The 20 Food Companies Changing the Future of Meatless Monday

We can probably all remember a time when meat-free foods products consisted only of lifeless veggie patties, hermetically sealed slabs of seitan, and weird cans of “mock tuna.” But those days are over now. Thanks to public awareness campaigns like Meatless Monday, plant-based eating has now gone mainstream—and the food industry has responded! 

Today, customers can have their pick of the litter when it comes to plant-based foods options. The selection is truly limitless. Companies, new and old, continue to push the boundaries, introducing plant-based versions of deli meats, turkey roasts, sausages, pepperoni, hot dogs, burgers, bacon, chicken wings—even Spam! 

Yes, nearly any food you could ever imagine is being reformulated to exclude any animal products. And although the number of brands entering the space is growing every year, there are a few companies that are steadily moving the industry forward. Some have been around for decades, like Amy’s Kitchen and Boca Foods, while others are relative newcomers, like OmniFoods and Daring., but they all share the common goal of making it easier for ordinary people to eat less meat. And for that, we thank them. Check out the list below of the twenty companies continuing to change the future of Meatless Monday. 


Photo: Amy’s Kitchen

Amy’s Kitchen 

An iconic food pioneer dedicated to wholesome convenience foods, Amy’s Kitchen remains a trailblazer in the industry of vegetarian cooking. Founded in 1987 in Petaluma, California, Amy’s Kitchen was one of the first brands to show the public that meat-free foods can be dynamic and exciting. Although all of Amy’s products are not entirely plant-based, the company does pay special attention to sourcing organic and whole-grain ingredients when possible, making for a better alternative to traditional frozen burritos, pizzas, and entrées.

Photo: Beyond Meat

Beyond Meat

One could argue that Beyond Meat has completely reinvented the plant-based meat category. Their signature plant-based beef product is made primarily from five ingredients: pea protein, potato, coconut oil, salt, and beets (for color). The result is a patty that sizzles and browns when grilled or pan fried. Since their founding in 2009, Beyond Meat has expanded into a number of different categories, including sausage, nuggets, crumbles, and jerky.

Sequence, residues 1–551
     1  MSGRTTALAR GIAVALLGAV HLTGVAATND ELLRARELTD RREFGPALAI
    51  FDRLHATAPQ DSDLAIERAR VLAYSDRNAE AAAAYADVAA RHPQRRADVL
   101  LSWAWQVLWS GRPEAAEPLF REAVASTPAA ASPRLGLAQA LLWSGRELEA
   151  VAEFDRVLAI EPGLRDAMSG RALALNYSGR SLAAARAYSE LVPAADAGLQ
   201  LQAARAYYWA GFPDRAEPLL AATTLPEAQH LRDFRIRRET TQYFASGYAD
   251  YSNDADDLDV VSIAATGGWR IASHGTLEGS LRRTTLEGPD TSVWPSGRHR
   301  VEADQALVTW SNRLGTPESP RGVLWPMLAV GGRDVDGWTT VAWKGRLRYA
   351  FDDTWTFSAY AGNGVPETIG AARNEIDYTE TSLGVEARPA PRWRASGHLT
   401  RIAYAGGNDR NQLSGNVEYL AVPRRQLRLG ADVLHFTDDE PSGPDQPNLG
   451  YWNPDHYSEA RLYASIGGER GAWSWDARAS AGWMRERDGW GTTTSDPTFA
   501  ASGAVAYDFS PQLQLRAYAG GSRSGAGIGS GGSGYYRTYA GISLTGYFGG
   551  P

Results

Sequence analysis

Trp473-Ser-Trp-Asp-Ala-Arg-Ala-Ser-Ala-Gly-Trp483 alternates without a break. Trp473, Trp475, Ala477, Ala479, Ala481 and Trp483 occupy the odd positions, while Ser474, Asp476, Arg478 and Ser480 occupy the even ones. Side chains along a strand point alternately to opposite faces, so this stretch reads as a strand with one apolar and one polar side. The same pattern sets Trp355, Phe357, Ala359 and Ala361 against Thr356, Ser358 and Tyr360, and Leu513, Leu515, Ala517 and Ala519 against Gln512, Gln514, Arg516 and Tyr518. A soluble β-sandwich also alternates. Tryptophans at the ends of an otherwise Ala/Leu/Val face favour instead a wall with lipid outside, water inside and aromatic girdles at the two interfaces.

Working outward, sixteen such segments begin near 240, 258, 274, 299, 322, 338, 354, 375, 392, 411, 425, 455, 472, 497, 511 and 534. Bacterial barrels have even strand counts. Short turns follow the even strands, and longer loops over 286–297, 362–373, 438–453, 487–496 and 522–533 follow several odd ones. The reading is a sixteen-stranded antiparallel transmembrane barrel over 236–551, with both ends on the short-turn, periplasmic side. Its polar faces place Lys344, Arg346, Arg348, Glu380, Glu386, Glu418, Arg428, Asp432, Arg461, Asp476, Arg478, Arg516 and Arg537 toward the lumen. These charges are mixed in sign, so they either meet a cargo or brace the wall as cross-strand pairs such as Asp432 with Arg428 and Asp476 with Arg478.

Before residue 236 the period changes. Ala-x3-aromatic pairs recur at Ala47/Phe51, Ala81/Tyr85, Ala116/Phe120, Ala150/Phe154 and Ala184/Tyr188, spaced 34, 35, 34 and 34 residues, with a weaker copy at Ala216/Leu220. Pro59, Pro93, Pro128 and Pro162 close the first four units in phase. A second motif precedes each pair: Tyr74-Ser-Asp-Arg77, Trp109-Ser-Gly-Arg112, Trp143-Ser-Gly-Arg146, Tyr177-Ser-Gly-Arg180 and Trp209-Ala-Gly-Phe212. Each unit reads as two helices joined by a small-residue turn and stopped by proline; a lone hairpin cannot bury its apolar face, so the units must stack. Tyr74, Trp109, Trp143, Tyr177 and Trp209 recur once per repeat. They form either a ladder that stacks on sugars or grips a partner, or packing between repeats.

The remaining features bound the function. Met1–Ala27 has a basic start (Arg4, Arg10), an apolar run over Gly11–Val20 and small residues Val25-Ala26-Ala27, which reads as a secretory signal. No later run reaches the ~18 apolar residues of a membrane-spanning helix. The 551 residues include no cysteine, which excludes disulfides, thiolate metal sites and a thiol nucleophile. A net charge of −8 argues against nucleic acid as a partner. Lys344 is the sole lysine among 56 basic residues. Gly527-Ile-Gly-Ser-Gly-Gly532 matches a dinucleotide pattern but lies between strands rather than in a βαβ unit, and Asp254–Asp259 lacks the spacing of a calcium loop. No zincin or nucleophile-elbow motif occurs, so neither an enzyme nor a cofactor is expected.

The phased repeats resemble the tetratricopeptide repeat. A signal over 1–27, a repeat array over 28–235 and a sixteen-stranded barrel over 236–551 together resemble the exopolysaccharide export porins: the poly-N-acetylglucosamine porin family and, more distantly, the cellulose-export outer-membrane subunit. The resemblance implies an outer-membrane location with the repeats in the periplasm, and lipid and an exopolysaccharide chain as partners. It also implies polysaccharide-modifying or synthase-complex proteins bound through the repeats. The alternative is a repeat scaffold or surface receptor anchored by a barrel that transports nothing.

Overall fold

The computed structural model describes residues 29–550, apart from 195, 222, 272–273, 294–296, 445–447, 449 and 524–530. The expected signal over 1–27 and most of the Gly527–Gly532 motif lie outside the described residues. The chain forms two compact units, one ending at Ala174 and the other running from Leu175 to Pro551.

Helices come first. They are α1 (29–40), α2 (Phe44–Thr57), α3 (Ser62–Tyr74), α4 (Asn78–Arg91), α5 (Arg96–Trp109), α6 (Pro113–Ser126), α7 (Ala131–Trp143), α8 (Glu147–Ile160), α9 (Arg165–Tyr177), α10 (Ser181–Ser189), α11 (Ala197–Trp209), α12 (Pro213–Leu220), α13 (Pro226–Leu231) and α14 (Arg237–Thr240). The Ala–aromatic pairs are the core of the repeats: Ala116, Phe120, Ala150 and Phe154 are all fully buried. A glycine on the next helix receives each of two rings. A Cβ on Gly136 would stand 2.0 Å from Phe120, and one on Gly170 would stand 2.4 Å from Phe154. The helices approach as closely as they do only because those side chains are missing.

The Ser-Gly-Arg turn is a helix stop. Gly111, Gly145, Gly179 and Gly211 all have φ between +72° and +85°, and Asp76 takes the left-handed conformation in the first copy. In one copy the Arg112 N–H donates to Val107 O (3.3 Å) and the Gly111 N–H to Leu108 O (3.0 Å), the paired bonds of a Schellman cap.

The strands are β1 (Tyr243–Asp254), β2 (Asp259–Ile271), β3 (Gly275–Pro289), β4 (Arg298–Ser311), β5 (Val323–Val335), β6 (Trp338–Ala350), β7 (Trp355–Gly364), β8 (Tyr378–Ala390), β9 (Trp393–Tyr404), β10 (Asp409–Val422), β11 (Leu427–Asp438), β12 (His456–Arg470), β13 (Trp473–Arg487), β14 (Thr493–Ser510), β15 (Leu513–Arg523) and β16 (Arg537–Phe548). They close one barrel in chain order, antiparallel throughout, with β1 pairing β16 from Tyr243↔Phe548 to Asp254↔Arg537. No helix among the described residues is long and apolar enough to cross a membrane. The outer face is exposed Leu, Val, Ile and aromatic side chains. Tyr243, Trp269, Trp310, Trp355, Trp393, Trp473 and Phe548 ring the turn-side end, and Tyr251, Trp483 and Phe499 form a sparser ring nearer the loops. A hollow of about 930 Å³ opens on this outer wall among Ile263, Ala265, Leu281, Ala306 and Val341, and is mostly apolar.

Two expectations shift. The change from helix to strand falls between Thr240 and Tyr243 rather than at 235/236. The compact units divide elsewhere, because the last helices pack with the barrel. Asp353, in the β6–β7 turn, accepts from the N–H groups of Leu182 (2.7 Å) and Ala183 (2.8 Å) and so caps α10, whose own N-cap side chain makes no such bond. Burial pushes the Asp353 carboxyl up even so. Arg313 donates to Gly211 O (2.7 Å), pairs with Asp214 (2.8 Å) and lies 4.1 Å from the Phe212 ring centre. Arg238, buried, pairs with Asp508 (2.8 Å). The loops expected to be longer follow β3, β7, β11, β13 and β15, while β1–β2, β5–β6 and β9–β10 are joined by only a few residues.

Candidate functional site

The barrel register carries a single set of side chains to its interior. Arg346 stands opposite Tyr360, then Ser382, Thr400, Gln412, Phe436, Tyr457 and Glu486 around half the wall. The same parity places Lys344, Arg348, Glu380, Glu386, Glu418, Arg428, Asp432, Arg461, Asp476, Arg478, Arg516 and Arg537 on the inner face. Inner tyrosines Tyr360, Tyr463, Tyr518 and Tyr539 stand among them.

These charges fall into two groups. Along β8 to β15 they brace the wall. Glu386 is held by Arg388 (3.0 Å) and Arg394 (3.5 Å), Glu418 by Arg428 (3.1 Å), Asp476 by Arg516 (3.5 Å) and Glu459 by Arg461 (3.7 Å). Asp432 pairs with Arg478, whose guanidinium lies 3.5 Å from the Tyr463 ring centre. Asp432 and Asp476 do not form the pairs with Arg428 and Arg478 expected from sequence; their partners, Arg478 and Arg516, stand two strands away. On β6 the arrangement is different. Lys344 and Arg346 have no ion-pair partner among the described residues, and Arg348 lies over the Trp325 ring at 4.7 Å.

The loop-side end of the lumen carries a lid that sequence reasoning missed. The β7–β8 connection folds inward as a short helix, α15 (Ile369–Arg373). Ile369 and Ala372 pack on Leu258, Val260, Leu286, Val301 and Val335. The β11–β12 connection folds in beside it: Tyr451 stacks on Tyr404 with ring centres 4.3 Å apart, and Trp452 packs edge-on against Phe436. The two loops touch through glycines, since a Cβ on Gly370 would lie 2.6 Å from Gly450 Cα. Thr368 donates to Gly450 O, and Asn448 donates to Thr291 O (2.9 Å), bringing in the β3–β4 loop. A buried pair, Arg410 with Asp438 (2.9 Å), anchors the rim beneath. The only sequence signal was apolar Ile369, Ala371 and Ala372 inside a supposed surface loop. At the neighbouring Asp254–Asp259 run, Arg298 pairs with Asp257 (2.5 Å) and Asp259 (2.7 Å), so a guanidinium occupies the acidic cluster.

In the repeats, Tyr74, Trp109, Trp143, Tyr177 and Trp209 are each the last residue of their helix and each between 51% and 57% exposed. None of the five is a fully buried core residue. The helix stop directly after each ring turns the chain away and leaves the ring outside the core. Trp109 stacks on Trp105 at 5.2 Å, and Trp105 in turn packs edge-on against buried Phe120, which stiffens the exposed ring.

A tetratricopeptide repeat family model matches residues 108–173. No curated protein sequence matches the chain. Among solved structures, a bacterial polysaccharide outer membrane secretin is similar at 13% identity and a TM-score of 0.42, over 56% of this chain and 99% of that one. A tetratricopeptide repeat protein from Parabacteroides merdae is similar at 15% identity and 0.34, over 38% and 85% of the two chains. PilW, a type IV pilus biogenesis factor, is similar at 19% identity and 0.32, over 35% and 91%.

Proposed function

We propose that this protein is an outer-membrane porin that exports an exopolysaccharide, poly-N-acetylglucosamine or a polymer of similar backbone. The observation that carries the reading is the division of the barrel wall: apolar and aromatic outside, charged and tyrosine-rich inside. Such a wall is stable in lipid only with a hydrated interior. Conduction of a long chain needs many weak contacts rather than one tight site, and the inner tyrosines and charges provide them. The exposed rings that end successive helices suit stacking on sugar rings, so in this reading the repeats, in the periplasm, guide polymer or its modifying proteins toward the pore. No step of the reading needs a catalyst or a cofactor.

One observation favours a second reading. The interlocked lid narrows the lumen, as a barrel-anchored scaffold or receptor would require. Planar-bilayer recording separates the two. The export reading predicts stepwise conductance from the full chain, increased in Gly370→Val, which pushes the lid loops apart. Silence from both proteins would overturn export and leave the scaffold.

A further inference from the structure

Photo: Boca Foods Company


There are imitators, and then there are originators. The Boca Foods Company began in 1979 with the vegetarian “Sun Burger,” which was one of the first frozen plant-based burgers of the time. Since then the company has expanded its product line to include vegan and non-gmo versions of its patties, but they will always remain one of the OGs of meat alternatives.

Photo: Daring.


Don’t know about Daring.? They’re a relative newcomer to supermarket shelves, but they’re bringing some serious innovation to plant-based chicken. Unlike the ubiquitous “nugget,” Daring has a full line of plant chicken pieces and wings that look just like the real thing (seriously, they’d fool you). They come breaded or grilled in flavors like Cajun, original, lemon and herb, and Buffalo.

Photo: Dr. Praeger’s

Dr. Praeger’s 

Dr’s Prager’s was founded by cardiothoracic surgeons who wanted to provide nutritious, delicious, and convenient frozen foods to help people adopt healthier eating habits. Well, to say they’ve succeeded is an understatement. Dr. Prager’s continues to deliver delicious meals that are easy to prepare and appeal to a broad audience. They sell all types of veggie patties, cakes, puffs, and “littles” which are designed in fun shapes for younger eaters. Although they’ve been around for a few decades, the brand continues to find new and innovative ways to spice up their offerings, like their Perfect Sliders and Super Greens Veggie Nuggets.

Photo: Field Roast

Field Roast

Although they offer everything from burgers to deli slices to plant-based queso, Field Roast is known primarily for their sausages, which are some of the tastiest around. Made from vital wheat gluten (the same plant-based protein found in seitan), the sausages cook up nicely on the griddle and come in a variety of flavors, like smoked apple and sage, garlic and fennel, smoky chipotle, and caramelized onion and beer.

Photo: Gardein


Gardein is one of the major players in plant-based meat, offering everything from faux chicken and turkey to beef and pork to fish and chowders. But what sets them apart from competitors is their breadth of product styles, which includes nuggets, strips, cutlets, patties, sliders, crumbles, sausages, meatballs, and even stuffed turkey roasts. They’re continuously bolstering their product line, so there’s always something new to try.


Photo: Good Catch

Good Catch Foods

Good Catch Food’s signature product is fish-free tuna made from their trademarked six-plant protein blend, which includes pea, soy, chickpea, lentil, fava, and navy bean. Available in water or flavored with Mediterranean spices, oil, and herbs, Good Catch is a sustainable seafood alternative that’s easy to transform into tuna melts, sandwiches, croquettes. Good Catch has also recently released a line of frozen entrees and appetizers, so stay tuned for their plant-based crab cakes, sliders, and burgers.

Photo: Hilary’s


While other brands are trying to imitate the texture, taste, and sizzle of meat, Hilary’s is totally content delivering wholesome frozen veggie patties made from recognizable ingredients. Hilary’s patties use a fun and innovative combination of vegetables, grains, and legumes to make their tasty creations, like fiesta black bean, super cauliflower, hemp and greens, root veggie, adzuki bean, spicy Thai, and their “World’s Best.”